HSR&D Citation Abstract
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Lower cost of care for serious chronic disease by increasing services not restrictions
Edes T, Shreve S, Klepac L, Kinosian B. Lower cost of care for serious chronic disease by increasing services not restrictions. Poster session presented at: American Geriatrics Society Annual Meeting; 2012 May 3; Seattle, WA.
Purpose: To demonstrate that systems can increase access, improve quality and lower total cost of care by adding services rather than restricting services.
Background: Congressional Budget Office report (2007) noted the cost per patient per year in the 7 years from 1998 to 2005 rose 29% in Medicare, while costs rose only 1.7% in Department of Veterans Affairs (VA). The highest cost patients were those with multiple serious chronic diseases, many of whom were homebound. One factor attributed for VA's cost containment was that VA has programs in place specifically for persons with serious chronic disease. VA has continued to expand programs specifically for Veterans with serious advanced chronic disease to receive patient centered care in the least restrictive setting. We report an economic impact analysis of two such
VA programs: Hospice and Palliative Care (HPC), and Home Based Primary Care (HBPC).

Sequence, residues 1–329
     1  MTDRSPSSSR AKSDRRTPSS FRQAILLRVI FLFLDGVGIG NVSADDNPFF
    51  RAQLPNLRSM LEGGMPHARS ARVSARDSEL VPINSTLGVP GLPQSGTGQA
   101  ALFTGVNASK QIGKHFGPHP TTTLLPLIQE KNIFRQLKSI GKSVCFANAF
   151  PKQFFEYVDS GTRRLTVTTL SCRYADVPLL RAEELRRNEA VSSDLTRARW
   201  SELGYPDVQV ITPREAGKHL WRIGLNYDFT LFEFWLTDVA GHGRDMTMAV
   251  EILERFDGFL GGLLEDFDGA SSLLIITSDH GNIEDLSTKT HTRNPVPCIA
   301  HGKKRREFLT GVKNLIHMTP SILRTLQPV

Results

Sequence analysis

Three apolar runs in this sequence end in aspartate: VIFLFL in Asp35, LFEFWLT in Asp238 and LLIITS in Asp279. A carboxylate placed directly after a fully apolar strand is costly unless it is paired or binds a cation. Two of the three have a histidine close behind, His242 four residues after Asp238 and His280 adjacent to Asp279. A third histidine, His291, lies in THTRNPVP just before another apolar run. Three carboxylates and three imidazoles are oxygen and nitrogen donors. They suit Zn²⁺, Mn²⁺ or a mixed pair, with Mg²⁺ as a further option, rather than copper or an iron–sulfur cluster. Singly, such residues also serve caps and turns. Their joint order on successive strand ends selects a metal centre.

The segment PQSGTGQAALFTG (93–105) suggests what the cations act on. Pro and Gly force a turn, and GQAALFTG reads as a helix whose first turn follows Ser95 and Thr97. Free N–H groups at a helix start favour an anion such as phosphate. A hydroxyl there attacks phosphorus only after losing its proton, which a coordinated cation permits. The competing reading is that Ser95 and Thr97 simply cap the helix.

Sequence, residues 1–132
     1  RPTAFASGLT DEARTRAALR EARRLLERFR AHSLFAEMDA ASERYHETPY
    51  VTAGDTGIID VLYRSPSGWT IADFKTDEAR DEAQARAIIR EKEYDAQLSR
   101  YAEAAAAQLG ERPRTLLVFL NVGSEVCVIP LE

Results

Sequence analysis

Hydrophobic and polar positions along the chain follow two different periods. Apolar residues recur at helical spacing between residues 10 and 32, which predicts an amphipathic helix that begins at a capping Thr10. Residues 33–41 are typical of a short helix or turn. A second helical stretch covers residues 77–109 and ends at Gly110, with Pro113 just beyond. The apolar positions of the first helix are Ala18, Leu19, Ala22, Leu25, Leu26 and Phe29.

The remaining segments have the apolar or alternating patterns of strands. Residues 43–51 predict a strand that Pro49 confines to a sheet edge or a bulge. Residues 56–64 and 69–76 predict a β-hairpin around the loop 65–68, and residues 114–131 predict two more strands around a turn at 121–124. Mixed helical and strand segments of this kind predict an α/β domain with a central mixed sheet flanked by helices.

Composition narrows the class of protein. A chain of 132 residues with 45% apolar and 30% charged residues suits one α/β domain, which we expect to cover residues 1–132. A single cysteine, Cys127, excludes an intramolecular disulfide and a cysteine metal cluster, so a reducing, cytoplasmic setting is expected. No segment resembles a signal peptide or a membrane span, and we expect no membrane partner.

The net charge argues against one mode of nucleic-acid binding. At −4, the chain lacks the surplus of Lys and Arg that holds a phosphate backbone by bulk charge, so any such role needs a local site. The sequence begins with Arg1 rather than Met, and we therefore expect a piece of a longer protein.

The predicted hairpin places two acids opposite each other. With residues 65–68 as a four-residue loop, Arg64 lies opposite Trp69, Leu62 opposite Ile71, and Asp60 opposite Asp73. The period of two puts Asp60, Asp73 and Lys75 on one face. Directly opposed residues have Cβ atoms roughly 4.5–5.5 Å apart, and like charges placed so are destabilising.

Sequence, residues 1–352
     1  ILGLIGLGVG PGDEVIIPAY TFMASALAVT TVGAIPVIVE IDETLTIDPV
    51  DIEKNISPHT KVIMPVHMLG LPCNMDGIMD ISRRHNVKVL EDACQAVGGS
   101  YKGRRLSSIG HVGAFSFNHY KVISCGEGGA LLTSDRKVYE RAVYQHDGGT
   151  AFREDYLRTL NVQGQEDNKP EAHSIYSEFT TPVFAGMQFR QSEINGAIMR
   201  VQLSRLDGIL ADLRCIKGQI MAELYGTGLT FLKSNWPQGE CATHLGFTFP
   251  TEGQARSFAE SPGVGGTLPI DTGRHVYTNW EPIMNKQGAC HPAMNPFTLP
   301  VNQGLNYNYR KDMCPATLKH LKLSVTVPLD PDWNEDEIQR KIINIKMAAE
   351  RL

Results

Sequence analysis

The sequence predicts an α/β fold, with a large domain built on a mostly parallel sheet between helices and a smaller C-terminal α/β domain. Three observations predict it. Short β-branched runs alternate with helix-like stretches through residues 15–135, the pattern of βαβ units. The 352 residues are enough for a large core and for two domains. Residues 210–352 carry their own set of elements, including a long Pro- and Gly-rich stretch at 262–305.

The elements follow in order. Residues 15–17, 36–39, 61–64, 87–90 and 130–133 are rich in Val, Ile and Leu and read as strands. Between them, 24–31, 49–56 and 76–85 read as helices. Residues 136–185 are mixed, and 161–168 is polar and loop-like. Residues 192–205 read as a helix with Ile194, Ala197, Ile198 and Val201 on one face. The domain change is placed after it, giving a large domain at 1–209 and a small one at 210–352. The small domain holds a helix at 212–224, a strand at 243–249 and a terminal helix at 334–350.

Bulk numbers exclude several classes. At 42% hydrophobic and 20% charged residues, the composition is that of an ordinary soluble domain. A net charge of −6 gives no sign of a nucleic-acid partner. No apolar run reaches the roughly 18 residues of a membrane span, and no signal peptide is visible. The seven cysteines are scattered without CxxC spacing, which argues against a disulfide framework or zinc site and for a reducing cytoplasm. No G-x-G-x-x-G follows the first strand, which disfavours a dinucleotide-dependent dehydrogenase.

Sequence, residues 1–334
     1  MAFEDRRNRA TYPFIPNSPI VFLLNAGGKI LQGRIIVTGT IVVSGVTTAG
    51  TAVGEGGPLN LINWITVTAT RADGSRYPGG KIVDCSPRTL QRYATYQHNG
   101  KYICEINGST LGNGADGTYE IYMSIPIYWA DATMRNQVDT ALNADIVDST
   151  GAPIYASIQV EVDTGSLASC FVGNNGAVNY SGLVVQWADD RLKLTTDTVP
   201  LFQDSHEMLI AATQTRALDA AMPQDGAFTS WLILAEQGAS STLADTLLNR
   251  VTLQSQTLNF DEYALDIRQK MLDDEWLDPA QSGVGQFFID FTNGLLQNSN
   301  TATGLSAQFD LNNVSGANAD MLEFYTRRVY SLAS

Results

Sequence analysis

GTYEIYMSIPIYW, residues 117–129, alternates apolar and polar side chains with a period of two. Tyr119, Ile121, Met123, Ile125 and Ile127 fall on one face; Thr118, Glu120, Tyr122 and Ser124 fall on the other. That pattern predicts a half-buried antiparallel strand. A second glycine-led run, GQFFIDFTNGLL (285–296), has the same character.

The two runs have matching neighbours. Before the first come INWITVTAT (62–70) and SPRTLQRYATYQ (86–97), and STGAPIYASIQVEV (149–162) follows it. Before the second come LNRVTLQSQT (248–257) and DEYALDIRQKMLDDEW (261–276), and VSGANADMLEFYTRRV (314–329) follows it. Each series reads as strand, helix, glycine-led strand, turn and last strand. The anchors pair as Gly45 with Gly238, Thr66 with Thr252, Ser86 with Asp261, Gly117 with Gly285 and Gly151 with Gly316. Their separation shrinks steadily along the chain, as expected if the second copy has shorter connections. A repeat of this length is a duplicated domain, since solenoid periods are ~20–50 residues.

Methods: VA databases were used to determine Veterans' use of HBPC, use of HPC in all settings, and location of death. Utilization and costs of care were determined for 2003 and 2010.
Results: Between 2003 and 2010, while the number of VA enrollee deaths decreased11%and the number ofVAinpatient deaths decreased 15%,the number of deaths in VA acutemedical hospital decreased 36%, the number inVA inpatient hospice beds increased 179% and the number of Veterans in VA-paid home hospice increased 592%. 4582 fewer deaths occurred in acute medical plus ICU, and 5731 more Veterans received VA-paid home hospice per day.With the cost difference, the net cost reduction was over $8 million for each day 4500 Veterans received care in home hospice rather than VA acute medical inpatient care.The number of Veterans receiving HBPC increased 190%. Total net cost avoidance for 24,957 HBPC patients was over $70 million, at $2900 per patient per year largely by reducing avoidable inpatient days.
Conclusion: Increasing access to inpatient hospice care, toVA-paid home hospice care and to VA-provided HBPC resulted in net reductions in total VA costs of care, without imposing any restrictions of services.